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UNB Rock & Ice Club hosting Banff Mountain Film Festival

The Banff Mountain Film Festival World Tour, presented by National Geographic and North Face, is being brought to Fredericton by the UNB Rock & Ice Club later this month.

According to the festival’s website, the film festival shares stories of remote journeys, ground-breaking expeditions and cutting-edge adventures told through the eyes of adventurers, authors, photographers and filmmakers from around the globe.

After the festival is held each fall in Banff, Alberta, the World Tour screens the films in 450 communities in 40 countries.

Dominic Caron, the UNB Rock & Ice Club’s vice-president external and treasurer, said the club started bringing the Festival World Tour to Fredericton in the 90s.

“It started off pretty small, on a small venue on campus, and then migrated to MacLaggan Hall, which seated around 300 people,” said Caron.

At first it was a one-night event, but over time it has evolved into a weekend-long one that takes place at The Playhouse, which seats over 700 people.

“I was part of the transition [four years ago], and now the Playhouse is sold-out every year,” he said.

Caron said that the festival, taking place on Jan. 26 and 27 has been sold out for a month.

“We barely marketed it; it’s mainly word of mouth,” he said. “People get very excited about it.”

The Club is given a list of films to select from, which they cater to their audience in New Brunswick, but they are still “hashing out the details with the tour host” to determine which films will be shown this year.

Caron is looking forward to the atmosphere the festival brings. “Everyone gets motivated to go outside after sitting for three hours in front of a screen and seeing all of these phenomenal humans pursue outdoor activities. And that’s the driving force behind any outdoor activity—it’s the motivation,” he said.

Caron has been climbing since 2005 and joined the UNB Rock & Ice Club when he moved to Fredericton from Sherbrooke, Quebec, in 2011.

“Climbing has taken over my life,” he said. “It was kind of natural and organic for me to join the club and get involved.”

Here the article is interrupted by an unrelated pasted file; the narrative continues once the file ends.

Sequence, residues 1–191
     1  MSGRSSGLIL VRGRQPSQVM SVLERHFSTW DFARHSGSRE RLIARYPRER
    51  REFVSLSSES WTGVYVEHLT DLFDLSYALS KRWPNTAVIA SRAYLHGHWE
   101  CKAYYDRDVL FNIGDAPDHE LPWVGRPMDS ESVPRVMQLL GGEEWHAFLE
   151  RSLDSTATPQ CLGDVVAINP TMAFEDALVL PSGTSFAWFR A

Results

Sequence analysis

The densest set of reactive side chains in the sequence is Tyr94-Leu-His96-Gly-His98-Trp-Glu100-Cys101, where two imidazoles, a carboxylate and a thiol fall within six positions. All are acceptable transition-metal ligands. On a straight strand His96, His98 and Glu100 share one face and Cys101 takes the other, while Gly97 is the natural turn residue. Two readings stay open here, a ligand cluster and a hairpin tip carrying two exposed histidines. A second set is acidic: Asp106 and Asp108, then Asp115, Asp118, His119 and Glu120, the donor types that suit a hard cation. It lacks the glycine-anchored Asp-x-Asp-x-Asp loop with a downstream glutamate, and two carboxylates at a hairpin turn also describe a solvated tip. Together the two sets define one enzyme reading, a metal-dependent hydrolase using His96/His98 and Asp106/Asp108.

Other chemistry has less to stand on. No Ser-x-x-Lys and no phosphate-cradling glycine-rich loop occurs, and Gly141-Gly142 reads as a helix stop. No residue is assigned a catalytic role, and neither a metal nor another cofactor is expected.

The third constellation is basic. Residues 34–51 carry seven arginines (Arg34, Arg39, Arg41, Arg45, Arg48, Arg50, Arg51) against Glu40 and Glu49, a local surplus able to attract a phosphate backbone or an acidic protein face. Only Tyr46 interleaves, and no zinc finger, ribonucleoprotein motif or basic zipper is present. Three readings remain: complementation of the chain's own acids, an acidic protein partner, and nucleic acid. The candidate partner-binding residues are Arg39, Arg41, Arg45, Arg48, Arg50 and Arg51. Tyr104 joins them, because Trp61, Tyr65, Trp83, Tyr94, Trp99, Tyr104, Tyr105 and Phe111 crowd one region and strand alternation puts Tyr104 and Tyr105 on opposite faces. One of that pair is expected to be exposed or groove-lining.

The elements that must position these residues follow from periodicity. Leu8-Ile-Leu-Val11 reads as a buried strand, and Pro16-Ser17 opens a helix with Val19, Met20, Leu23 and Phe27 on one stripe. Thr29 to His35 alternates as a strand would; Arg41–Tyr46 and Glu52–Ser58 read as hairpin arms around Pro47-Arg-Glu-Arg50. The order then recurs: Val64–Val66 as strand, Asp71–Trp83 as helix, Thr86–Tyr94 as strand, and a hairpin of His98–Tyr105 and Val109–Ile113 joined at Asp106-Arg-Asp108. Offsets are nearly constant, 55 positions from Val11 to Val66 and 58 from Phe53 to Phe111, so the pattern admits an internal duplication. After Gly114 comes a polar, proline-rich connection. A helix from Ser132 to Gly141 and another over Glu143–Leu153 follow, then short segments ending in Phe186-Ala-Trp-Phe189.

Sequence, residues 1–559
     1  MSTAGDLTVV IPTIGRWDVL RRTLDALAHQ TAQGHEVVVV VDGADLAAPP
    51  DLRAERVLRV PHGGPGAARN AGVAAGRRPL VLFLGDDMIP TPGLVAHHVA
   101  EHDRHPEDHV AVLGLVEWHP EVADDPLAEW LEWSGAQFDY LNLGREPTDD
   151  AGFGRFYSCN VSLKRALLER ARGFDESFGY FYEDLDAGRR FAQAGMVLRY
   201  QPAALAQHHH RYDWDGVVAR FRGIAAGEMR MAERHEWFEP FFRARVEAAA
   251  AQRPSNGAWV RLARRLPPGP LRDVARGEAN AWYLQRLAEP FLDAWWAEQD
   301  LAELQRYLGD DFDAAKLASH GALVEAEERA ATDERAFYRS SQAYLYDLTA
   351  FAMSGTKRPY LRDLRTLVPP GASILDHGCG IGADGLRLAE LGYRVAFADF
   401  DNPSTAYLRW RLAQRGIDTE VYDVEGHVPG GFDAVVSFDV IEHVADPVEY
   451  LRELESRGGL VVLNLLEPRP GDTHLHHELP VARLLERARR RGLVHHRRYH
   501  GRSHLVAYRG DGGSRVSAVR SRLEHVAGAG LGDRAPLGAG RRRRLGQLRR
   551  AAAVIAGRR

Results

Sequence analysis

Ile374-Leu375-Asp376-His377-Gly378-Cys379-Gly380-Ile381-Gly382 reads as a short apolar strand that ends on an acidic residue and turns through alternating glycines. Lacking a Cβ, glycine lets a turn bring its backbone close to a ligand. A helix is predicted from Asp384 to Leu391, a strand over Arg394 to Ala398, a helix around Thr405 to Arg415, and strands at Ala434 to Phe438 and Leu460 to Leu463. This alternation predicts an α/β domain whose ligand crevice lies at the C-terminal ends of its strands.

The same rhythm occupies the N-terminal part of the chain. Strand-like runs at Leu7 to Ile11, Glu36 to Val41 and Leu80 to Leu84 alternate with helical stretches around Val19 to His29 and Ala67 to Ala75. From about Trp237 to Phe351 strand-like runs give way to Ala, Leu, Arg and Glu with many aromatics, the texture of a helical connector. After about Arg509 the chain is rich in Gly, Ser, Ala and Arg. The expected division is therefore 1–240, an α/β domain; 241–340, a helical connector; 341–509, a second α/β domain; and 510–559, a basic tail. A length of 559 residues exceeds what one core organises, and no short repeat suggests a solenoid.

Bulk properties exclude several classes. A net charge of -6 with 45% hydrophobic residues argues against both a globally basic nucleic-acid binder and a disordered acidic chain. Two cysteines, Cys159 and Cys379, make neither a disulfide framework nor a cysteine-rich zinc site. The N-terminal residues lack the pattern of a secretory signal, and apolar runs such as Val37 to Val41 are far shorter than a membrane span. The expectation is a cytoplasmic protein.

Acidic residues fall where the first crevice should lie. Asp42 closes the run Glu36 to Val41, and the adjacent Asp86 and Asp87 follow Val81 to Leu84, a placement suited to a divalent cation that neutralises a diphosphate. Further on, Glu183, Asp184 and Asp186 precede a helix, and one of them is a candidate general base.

The UNB Rock & Ice Club started in the mid-70s. A decade later, the club was given an on-campus location to build a climbing wall, which was eventually relocated to basement of the Lady Beaverbrook (LB) Gym.

“We’ve operated the LB Gym since the 90s, and it’s all through volunteers,” Caron said.

Now the club consists of 25 volunteers and about 150 members.

“But you don’t need to be a member to climb on the climbing wall. You can simply drop in any night,” Caron said, as there is a nominal fee of $5 that includes shoes and climbing gear.

“On busy nights we can have up to 60 people climbing at the same time,” he said.

“It’s not just me or the [five] executives that make the club work, it’s really the combination of all volunteers. That aspect is really great,” Caron said.

However, the LB Gym is scheduled to be decommissioned in autumn 2018.

Caron said he doesn’t know what’s going to happen to the club after that.  “A lot of it depends on what’s going on with the [breaking down of the Sir Max Aitken Pool.] I know the city is trying hard to keep the pool open, but as far as we know, the building is going to be torn down starting Sept. 1. So, I don’t know what’s going to happen.”

On Jan. 27, the Club will also host a climbing competition during the day at the LB Gym, which  aligns with the series of climbing-related events happening around the Festival World Tour in Fredericton.

Photos by Rock & Ice Club and Fredericton Playhouse

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